Inclusion of ESG risk assessment under RBI’s risk-based supervision, will enable banks to assess ESG and climate-related financial risks, thus maintaining asset quality, future-proofing, planning for the long-term for future credit portfolio, loan pricing etc., all of which guarantees to mitigate risks and evolve with a risk-adjusted return. This would also help towards market standardisation and a level playing field for market participants from investors that would be bound by EU taxonomy or TCFD.

  1. Green Credit Rating System

Credit Ratings for green instruments would facilitate raising capital for green investments and bring standardisation and credibility to sustainable finance instruments and ESG performance.

There is a growing trend by rating agencies to adopt green standards. But the absence of a standardised system in India, is unfavourable to implement credit risk evaluation for green project financing at a large scale. Establishing an Indian green credit rating system would, not only, help bring in an element of market standardisation, but also, enable businesses to raise funds at competitive rates basis ESG performance, fuelling uptake of green investments and restraining new brown investments.

For India, the challenges for an economic recovery are intertwined with the current issues afflicting the global trading system such as bank asset quality challenges, climate risks and other systemic risks. For this budget to be “like no other in the past”, it would not only need to be holistic in its approach towards COVID-19 economic response and recovery, but balance economic and financial stability, while stimulating growth geared towards a low-carbon economy.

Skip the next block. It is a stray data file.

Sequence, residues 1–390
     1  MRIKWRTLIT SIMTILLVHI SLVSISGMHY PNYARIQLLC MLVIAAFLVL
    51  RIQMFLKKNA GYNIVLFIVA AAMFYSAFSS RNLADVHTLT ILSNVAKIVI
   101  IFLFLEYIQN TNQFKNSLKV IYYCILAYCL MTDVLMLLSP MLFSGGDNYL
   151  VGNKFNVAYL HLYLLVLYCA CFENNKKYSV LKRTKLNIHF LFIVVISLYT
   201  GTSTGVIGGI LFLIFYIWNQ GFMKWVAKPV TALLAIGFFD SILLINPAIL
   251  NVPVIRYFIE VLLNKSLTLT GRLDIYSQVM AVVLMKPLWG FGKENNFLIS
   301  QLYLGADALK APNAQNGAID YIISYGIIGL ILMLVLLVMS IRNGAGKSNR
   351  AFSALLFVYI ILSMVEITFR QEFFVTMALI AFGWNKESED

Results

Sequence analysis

auctusESG is a global advisory firm on Sustainable Finance and ESG

3 Comments

3 Comments

  1. Ashok Kapur, IAS (r)

    February 15, 2021 at 5:42 pm

    Namita, very comprehensive article, giving an overview of the entire scenario. Green Credit Rating is a very innovative idea.

  2. Krishnakumar Raman

    January 31, 2021 at 6:11 am

    Timely article highlighting the critical challenge Namita!
    Globe is currently changing gears and is ‘en route’ to walking the talk in expanding the footprints of Global Finances to ESG and Sustainable Development Goals.
    Soon ESG and Sustainability are not just one more ‘box’……but ‘the box’ that needs to be ticked.
    India HAS a big role to play in the Sustainable/Renewable growth about to explode. A Bank with Sustainable Finance as its Focus is a much needed platform for India to integrate with the global shifts.
    Your recommendations are in the right direction.
    Well done.

  3. Prashant Vaze

    January 28, 2021 at 4:49 pm

    Congratulations Namita on this well thought out and succinct blueprint for actions the government and RBI could take. In the UK the Green Investment Bank provided a centre of excellence where finance professionals expert in assessing new technologies like off-shore wind helped the industry take-off. A Bank of Sustainable Finance (perhaps adapting the mandate of an existing institution like IREDA) could provide an excellent boost for technologies like green-hydrogen to decarbonise India’s steel and fertiliser sectors.

    The RBI is already undertaking thoughtful work on climate risk, particularly examining impacts on food inflation, but the elephant in the room is FI exposure to coal-finance which will soon become stranded if solar and wind (plus storage) takes away their markets.